The railway parallels another iron ore railway, the BHP Billiton railway, for over 100 kilometres (62 mi). Fortescue had sought access to use this line, but BHP declined. The matter remains in litigation.
Opposition to Solmon Hub mining lease
FMG lodged applications for three mining leases in the Solomon Hub area in 2008, and began negotiations with the native title holders through the Yindjibarndi Aboriginal Corporation (YAC). Negotiations broke down and the YAC lodged its opposition to the grant of the three licenses to the Native Title Tribunal in 2009, initially failing to win orders preventing the grant of the licenses. The YAC also failed in its initial Federal Court appeal of that decision last year, and the State Government issued the mining licenses to FMG in late November 2010. Both FMG and the YAC are now waiting on the results of a new appeal to the Full Bench of the Federal Court.  The company estimated the extraction of 2.4bn tons of ore over the next 40 years, worth $280bn, offering less than a deal struck by Rio Tinto that would provide $2bn over 40 years.
On 8 April 2011, Slater & Gordon, representing the Yindjibarndi Aboriginal Corporation in its negotiations with FMG, requested FMG compensate the Yindjibarndi community. In March 2011, FMG was accused of supporting a break-off group to divide the local Yindjibarndi community during negotiations for access to traditional Yinjibarndi land for the planned $8.5 billion Solomon Hub project, in the Pilbara region. While the law firm admitted FMG has put compensation money up, it was insufficient in comparison with the profits that will be made from this mine on the client's traditional land, as well as the royalty (tax) amounts that have been paid to non-Aboriginal people.
Misleading and deceptive conduct
Although an initial ruling in 2009 found FMG hadn't acted in a misleading or deceptive manner, the Federal Court of Australia overturned this decision in 2011, finding that FMG and its Chairman and CEO, Andrew Forrest, had engaged in misleading or deceptive conduct and breached the continuous disclosure provisions in the Commonwealth Corporations Act 2001, by claiming to have binding contracts with China. The court found that a Chinese framework agreement does not amount to a binding contract, in the natural meaning of the word. Fortescue is appealing against the decision.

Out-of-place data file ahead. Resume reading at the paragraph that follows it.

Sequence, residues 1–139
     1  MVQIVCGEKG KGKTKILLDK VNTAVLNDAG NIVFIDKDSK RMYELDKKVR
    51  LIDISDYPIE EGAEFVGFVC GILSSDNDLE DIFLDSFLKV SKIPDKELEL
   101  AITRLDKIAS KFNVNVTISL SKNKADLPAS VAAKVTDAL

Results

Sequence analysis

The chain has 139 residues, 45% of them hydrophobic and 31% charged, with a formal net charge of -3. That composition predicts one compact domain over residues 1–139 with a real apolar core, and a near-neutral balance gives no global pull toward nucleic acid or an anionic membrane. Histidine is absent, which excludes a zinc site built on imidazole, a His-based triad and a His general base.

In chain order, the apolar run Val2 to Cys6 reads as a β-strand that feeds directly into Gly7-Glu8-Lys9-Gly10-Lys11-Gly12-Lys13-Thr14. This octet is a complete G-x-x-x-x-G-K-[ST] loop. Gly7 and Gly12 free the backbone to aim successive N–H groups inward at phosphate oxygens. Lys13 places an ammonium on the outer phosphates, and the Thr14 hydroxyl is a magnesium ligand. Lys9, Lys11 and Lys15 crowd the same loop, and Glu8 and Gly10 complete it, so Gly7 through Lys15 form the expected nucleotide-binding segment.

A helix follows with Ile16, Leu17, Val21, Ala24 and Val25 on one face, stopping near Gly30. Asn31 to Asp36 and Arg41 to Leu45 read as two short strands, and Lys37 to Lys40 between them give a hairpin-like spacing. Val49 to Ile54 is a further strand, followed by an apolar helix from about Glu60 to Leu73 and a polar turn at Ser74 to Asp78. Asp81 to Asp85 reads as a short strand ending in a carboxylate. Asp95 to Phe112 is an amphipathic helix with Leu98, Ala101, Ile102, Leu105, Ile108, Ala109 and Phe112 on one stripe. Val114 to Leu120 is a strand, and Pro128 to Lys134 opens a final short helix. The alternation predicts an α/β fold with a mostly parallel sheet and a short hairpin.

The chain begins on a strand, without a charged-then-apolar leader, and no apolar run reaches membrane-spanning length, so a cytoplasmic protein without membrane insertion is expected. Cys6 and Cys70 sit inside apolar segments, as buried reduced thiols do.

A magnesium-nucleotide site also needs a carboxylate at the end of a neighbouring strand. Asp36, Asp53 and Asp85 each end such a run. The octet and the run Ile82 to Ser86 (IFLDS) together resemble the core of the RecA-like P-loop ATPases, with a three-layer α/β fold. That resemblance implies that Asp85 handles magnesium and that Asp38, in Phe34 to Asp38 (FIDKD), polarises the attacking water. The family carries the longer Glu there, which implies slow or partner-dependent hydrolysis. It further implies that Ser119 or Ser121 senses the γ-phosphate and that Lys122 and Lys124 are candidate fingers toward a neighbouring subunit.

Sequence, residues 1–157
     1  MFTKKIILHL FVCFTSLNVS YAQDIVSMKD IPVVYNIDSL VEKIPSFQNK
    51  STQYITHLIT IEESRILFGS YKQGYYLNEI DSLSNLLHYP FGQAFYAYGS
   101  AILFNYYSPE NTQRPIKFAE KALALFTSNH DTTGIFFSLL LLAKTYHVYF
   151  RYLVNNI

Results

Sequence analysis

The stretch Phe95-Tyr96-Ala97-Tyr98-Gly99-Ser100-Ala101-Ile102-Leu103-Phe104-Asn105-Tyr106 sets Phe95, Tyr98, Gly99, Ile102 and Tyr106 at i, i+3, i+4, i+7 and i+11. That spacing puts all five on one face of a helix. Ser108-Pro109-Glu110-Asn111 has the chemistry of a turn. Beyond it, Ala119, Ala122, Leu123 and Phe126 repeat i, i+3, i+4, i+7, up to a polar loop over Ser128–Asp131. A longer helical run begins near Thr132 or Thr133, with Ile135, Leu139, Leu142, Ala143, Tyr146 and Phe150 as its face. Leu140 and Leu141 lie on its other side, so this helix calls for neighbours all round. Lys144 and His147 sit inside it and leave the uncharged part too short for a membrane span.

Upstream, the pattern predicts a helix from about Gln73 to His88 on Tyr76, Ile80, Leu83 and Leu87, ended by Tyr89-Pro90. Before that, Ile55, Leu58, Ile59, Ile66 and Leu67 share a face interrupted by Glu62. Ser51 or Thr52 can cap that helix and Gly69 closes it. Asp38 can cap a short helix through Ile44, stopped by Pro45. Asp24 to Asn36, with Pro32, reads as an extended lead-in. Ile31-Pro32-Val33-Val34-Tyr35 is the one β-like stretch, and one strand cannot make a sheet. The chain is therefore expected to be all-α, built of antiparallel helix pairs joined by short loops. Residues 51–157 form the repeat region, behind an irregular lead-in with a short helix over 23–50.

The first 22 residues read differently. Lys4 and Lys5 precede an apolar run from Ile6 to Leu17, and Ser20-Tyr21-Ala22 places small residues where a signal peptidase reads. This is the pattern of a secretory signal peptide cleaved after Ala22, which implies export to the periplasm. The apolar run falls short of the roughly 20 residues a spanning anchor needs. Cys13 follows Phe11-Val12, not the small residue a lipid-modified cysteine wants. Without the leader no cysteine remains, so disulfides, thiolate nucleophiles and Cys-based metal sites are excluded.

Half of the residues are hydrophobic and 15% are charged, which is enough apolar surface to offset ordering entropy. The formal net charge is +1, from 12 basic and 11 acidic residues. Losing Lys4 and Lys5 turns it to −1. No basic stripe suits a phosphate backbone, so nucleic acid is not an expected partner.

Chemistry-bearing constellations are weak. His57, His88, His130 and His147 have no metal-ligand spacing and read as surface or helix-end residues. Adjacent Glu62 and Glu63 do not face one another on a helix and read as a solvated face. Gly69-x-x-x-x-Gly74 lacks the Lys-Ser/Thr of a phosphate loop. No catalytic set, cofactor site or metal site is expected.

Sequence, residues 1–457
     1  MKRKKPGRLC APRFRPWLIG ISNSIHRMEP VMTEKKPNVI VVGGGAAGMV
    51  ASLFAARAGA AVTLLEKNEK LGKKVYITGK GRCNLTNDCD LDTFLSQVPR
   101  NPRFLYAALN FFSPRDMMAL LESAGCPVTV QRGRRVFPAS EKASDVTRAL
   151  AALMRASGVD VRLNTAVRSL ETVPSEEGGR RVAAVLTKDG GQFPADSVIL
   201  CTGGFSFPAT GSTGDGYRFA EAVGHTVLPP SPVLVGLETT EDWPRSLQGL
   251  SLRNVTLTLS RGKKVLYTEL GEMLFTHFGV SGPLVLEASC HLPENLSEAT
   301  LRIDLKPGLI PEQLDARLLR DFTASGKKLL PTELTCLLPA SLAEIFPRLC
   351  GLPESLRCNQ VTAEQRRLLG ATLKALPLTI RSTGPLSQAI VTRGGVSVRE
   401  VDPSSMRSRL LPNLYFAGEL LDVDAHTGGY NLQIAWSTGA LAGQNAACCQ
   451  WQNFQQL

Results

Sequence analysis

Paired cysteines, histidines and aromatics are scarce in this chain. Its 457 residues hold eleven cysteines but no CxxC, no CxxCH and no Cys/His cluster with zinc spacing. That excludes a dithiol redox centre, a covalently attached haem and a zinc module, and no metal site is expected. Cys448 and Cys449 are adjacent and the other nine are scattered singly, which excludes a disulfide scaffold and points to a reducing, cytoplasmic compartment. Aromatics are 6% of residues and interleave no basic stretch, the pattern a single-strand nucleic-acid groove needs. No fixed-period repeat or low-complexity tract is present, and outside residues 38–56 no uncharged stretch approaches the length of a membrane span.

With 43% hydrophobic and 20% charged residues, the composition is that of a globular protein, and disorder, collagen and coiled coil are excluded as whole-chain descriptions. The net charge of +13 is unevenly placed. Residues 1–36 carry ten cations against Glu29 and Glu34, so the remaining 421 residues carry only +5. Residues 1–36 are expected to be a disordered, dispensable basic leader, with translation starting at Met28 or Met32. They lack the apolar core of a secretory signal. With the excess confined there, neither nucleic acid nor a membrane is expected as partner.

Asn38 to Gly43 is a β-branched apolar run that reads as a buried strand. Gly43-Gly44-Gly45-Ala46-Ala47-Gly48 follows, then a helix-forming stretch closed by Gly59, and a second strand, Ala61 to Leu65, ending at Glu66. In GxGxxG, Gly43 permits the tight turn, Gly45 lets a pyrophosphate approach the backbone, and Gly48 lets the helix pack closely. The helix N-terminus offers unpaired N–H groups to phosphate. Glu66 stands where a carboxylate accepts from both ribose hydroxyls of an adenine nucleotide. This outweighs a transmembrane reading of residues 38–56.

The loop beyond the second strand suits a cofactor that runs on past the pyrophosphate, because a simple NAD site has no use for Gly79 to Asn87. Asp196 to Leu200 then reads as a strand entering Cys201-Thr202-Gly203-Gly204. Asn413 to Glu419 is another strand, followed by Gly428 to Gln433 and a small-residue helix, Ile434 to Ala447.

Despite the early announcement, in 2008, the group loaded its first iron ore shipment bound for China. Fortescue have at least 10 Chinese steel mill contracts lasting for around 10 years. Baosteel was the first company to receive their iron ore.
In October 2012, a long running court case with the Australian Securities and Investments Commission (ASIC) was finally ended after an eight-year battle. The court ruled in favour of Fortescue, who had been accused of lodging misleading statements with respect to agreements between itself and Chinese state-owned companies in 2004 for the purchase of iron ore from mines in the Pilbara region of western Australia.
- Fortescue Annual Report 2010
- Annual General Meeting 2010
- "Fortescue rejects Rio's Pilbara land swipe". AAP. 22 March 2011.
- Macmahon wins major Christmas Creek contract, International: Mining Weekly, 2013
- Australian Financial Review 25 July 2012, p26
- John Kirk (July 2008). "Fortescue opens the world's heaviest haul railway". Railway Gazette International. p. 427.
- Nick Kingsley (1 March 2007). "Fortescue goes its own way". Railway Gazette International.
- Perth Now
- The West Australian
- Lloyd Jones (18 April 2011). "FMG's Andrew Forrest faces human rights complaint". PerthNow.
- Cowie, Tom (11 April 2011). "FMG native title meeting a 'shambles'". ABC News.
- "Fortescue chief accused of undermining land owners" The Age
- Jennifer Hewett (24 December 2009). "Ruling leaves Andrew Forrest out of the woods". The Australian.
- "Ruling leaves Andrew Forrest out of the woods}author=Jennifer Hewett". The Australian. 24 December 2009.
- Cameron Jorrs and Tom Miers. "ASIC v Fortescue Metals Group Ltd and Forrest". Carter Newell.
- Kitney, Damon (30 March 2011). "It was a tough job, says D'Aloisio". The Australian.
- "Fortescue loads iron ore shipment". The Sydney Morning Herald. 15 May 2008.
- Fortescue wins eight year court case against corporate regulators, International: mining.com, 2012, retrieved 3 October 2012